I have tried again and again to pick a storyline that I know I will follow through with until the very end. Over and over again, I succumbed to the same bad habits that prevented me from completing any of my stories. Until now.
Every since I participated in the Nanowrimo event, it seems like that huge wall that had always been standing in my way became nothing more than a mere stone pebble that I can easily kick aside. It was a great learning experience, and I felt that perhaps others who have struggled as I have could benefit from what I learned.
Steps to Write a Book to the Very End
1. Write down ALL of your ideas
Before you even start to write your book, you need to come up with a topic and a basic storyline. I used to spend hours sitting in a chair, staring into space as I searched through the recesses of my mind for that perfect idea that I knew would be a hit with the readers. That’s one way to do it I suppose, but what I found to be a better way is to just write down every single idea that comes to mind, no matter how ridiculous it may seem. Sometimes, it is the most ridiculous ideas that become the most memorable tales. Also, if you start writing one story and decide that you really don’t like it, then you have an entire list at the ready for you to choose from.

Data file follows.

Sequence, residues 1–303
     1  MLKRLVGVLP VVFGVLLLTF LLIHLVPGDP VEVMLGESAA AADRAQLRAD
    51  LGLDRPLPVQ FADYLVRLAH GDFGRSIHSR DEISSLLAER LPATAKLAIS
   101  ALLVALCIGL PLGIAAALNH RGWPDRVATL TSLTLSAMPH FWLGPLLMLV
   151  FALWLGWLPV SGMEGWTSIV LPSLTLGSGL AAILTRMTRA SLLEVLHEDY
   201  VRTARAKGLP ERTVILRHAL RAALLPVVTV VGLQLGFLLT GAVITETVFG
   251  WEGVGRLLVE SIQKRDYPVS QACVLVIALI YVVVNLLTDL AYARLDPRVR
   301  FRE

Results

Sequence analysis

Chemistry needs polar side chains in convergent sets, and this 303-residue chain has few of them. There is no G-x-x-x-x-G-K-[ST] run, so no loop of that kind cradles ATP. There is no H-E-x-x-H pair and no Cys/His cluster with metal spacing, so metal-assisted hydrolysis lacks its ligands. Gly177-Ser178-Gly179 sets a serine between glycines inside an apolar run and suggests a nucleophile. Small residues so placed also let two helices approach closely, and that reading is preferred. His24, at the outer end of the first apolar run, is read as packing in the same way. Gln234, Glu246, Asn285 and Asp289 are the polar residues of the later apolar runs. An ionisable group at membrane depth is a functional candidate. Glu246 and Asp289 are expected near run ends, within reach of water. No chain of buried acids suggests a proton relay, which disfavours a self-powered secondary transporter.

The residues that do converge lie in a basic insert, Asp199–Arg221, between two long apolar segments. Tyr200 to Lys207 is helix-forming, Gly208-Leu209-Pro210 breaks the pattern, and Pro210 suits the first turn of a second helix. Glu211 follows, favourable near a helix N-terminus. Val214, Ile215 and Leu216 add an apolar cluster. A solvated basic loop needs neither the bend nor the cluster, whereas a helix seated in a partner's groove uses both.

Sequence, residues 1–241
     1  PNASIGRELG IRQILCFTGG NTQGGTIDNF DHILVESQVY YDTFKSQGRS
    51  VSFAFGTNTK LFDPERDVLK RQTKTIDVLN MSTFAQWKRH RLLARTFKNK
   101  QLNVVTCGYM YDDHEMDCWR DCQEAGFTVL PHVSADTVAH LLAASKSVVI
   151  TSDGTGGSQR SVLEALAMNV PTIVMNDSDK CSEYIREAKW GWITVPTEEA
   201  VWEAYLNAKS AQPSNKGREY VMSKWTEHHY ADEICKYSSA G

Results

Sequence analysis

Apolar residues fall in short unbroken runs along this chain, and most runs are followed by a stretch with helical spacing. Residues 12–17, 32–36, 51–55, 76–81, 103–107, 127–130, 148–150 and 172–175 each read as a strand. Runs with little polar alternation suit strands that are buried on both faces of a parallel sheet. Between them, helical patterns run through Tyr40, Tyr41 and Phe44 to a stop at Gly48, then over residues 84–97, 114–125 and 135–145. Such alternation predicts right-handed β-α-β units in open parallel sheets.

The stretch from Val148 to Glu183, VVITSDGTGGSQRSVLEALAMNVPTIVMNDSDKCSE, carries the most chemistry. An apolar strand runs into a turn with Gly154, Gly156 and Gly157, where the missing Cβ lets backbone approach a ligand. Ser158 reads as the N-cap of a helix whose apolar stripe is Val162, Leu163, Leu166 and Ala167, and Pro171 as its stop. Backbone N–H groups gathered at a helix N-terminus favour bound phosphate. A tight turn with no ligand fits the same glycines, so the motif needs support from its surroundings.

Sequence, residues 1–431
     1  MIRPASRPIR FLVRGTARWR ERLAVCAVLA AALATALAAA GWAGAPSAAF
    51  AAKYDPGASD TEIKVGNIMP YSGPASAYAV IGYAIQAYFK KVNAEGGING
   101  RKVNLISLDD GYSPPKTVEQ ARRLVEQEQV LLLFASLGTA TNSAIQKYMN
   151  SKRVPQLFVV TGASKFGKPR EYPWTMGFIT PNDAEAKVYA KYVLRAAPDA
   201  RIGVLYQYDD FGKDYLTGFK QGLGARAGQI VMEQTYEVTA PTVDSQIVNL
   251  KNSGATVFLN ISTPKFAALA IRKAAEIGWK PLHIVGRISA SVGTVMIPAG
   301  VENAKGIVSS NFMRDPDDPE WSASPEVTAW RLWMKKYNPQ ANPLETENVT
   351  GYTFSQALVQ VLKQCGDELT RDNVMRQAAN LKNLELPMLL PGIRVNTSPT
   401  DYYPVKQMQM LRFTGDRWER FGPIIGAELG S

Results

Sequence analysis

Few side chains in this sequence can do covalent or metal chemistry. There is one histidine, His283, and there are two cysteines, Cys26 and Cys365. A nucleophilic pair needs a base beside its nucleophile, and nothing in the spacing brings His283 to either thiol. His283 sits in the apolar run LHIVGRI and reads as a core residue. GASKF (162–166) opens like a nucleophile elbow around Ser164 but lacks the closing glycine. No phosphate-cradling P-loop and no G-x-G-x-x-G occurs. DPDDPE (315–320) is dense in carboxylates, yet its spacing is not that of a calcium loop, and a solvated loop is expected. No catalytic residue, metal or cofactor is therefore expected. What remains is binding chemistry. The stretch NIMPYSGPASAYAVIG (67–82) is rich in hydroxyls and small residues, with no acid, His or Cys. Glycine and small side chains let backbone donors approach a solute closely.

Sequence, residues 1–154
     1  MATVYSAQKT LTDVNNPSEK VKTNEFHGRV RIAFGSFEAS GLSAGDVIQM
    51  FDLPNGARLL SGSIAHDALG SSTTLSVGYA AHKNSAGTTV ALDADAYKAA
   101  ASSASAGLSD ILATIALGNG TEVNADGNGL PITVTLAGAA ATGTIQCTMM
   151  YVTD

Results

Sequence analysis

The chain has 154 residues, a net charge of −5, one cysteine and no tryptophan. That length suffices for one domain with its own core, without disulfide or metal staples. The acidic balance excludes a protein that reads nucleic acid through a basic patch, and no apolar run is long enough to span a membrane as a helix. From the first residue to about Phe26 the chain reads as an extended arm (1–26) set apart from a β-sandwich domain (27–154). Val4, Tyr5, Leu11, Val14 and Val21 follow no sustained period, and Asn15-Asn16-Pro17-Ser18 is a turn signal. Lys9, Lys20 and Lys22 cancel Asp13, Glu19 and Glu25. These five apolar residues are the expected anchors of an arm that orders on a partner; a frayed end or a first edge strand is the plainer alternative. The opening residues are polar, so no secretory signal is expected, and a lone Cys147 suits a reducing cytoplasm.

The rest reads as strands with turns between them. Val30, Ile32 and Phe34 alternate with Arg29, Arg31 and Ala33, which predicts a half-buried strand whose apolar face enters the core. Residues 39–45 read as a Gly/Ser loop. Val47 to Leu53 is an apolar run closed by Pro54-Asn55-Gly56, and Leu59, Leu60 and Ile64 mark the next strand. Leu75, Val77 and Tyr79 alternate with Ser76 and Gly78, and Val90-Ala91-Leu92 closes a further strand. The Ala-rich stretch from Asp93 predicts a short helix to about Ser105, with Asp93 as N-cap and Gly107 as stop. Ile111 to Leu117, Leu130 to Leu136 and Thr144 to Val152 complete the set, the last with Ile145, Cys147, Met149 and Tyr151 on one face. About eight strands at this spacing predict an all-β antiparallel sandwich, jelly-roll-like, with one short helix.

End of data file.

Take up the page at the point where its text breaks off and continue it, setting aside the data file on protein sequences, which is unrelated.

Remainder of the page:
2. Leave the title alone
I know many people who will come up with the title of their book, and then write the story based around that. Again, I’m not saying that it’s a bad idea, but I have found through trial and error that it is best to write the story first, and then come up with a title that encompasses the essence of everything you have written. Also, keep in mind that you may end up changing a lot of what you have written during the editing process, potentially making your initial title absolutely useless.
Once you have your idea, the best thing to do is just start writing. Many people tend to spend months planning out their story, perfecting every intricate detail and ensuring that everything connects back to the plot. Again, during the editing process, you are highly likely to end up changing the majority of what you write, making your outline all but useless. It does help to at least of some idea of where you are going, but sometimes the best way to do that is to just start writing, and let the words show you where it’s going to go. This is the main thing I took away from Nanowrimo, because what they try to encourage people to do is actually finishing that story, and then concerning themselves with the more intricate details afterwards. In other words, once you start writing, don’t stop for anything else; just keep going until the end, and then go through it can take it apart.
4. Mix it up
There are certain places where I feel more comfortable writing, but every once and a while I like to mix things up a bit. A change in surroundings can really help with the flow of ideas. I’m sure there is some kind of scientific explanation behind it, but all I know is that when I sit down with my laptop in a room I have never been in before, the idea’s seem to flow out much more smoothly. It can also sometimes help to write with other people, whether it be just for their company, or maybe even to bounce idea’s off of one another.
5. Keeping a positive attitude